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Building business relationships

When working in another country, it pays to familiarise yourself with the local business etiquette and structure, as accepted mores will differ from place to place.

With some local knowledge under your belt, you’ll be better placed to navigate your way through the business world and make the right impression from the start. The following acts as a guide but the general advice is to use your intuition to judge what may or may not be acceptable in the office and beyond.


Business culture in France hinges on a defined system of hierarchy and complex tributaries of personal relationship and alliances. The more competence and experience you exhibit, the better you will fare in the workplace.

You should expect this to be reflected in seating arrangements during meetings, and limited direct contact with senior members of the company or ‘The PDG’ (Président Directeur Général) or ‘patron’ (General Manager), who often will have limited contact with subordinates and will often field communication through his or her secretary. Long-term business strategies are planned by senior members of company and instructions are filtered down to the lower members.

It’s a good idea to keep up-to-date with current affairs as rhetoric and reasoning skills can be reflective of your status within the business hierarchy. The ability to hold your own, however rich the rhetoric or abstract the theory, and to intellectually defend your opinions, is a sure way to win respect. Avoid making false claims or professing an opinion without being able to back it up — the French value good discussion.

Bear in mind that socialising across hierarchical divisions is rare, verbal contracts are not binding, and there is a balance between strict adherence to hierarchical structures and more laid back attitudes. Project deadlines may be more flexible.

Dress Code

In a business context, a formal but conservative dress is important. Suits and ties for men and trouser suits/skirts women are the norm, with jackets often kept on in meetings or at restaurants.

Meetings and appointments

Meetings or appointments should be arranged at least two weeks in advance — a good time is directly before or after lunch, or in larger cities, Paris in particular, business lunches and breakfast meetings are common. This is less so in provincial areas, where the pace isn’t quite so fast. Avoid the holiday season of August, as many people will be away on annual leave.

Be prepared for much discussion within the meeting, and if in a larger corporation, for any decisions to be made after the meeting by senior staff, before being handed down.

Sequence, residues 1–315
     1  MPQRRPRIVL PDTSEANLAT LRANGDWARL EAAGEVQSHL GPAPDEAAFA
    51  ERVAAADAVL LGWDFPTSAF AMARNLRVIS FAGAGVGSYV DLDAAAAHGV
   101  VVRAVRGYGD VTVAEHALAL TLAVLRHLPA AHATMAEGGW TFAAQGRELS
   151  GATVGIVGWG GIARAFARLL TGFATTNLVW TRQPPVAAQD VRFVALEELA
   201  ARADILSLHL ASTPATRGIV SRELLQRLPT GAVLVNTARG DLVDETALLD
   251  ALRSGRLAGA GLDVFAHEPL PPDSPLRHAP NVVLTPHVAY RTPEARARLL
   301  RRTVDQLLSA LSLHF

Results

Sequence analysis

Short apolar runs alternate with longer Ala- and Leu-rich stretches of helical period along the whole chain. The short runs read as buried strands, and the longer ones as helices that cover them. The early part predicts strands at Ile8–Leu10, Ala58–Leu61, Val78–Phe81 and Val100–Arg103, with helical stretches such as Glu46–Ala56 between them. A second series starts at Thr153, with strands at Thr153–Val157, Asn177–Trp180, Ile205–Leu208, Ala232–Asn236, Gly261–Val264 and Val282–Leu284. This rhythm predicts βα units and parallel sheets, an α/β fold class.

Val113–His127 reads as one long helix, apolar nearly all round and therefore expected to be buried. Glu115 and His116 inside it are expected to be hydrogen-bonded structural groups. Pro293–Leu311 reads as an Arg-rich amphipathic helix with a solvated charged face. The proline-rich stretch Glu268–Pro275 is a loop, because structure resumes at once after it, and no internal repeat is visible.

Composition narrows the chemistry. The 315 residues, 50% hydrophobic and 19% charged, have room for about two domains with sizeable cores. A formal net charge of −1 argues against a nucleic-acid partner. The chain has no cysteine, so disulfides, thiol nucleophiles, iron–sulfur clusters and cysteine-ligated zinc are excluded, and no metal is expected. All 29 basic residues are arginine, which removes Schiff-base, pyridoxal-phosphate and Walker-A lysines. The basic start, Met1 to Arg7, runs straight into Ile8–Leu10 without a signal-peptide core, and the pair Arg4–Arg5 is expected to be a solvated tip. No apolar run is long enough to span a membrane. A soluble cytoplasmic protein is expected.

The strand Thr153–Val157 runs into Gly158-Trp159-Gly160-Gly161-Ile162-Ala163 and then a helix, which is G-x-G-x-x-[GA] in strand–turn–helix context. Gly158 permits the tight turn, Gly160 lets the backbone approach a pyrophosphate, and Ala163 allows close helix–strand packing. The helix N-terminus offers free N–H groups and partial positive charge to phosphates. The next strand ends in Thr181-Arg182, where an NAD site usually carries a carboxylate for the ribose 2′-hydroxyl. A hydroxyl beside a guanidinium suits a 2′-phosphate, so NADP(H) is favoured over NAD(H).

Formalities such as punctuality are important and a matter of courtesy — it will reflect poorly on you professionally if you are late to meetings. The exception is dinner parties when it’s acceptable to be 15 minutes late. Dinner is a more social relaxed environment with the emphasis on good food, excellent company, and often political or cultural debate. So try to avoid discussing business at this time.

If you attend a business meeting in a restaurant, which is more likely to happen in larger cities, the person who organised the meeting is expected to settle the bill (but use your discretion on this), and remember to wait for the most senior person to finish their meal before you make your exit.


Speaking French is vital in the business world, as English is rarely spoken in a working environment and it can be taken as rude if you assume your companions speak English.

There are many language courses that can help you get started, such as those offered by the Académie Française. You can also find private language tutors on websites like Leboncoin, expat websites, or social media platforms.


For acquaintances, rather than close friends, a handshake is perfectly acceptable.

If you are greeting a long-term colleague (or a close friend or family), a kiss on both cheeks known as the ‘bisous’ is the norm. Depending on which region you’re in, custom can dictate up to four kisses. The French have two different forms of the pronoun ‘you,’ one formal and one informal. It is important you use the correct term in the right context to avoid causing offence or awkwardness.

Goodbyes are important too — make sure you say goodbye to people individually, one at a time when you’re preparing to leave. If you don’t, you risk the term ‘filer à l’anglaise’ being applied to you. This translates literally as ‘to leave the English way’ and it is not complimentary!

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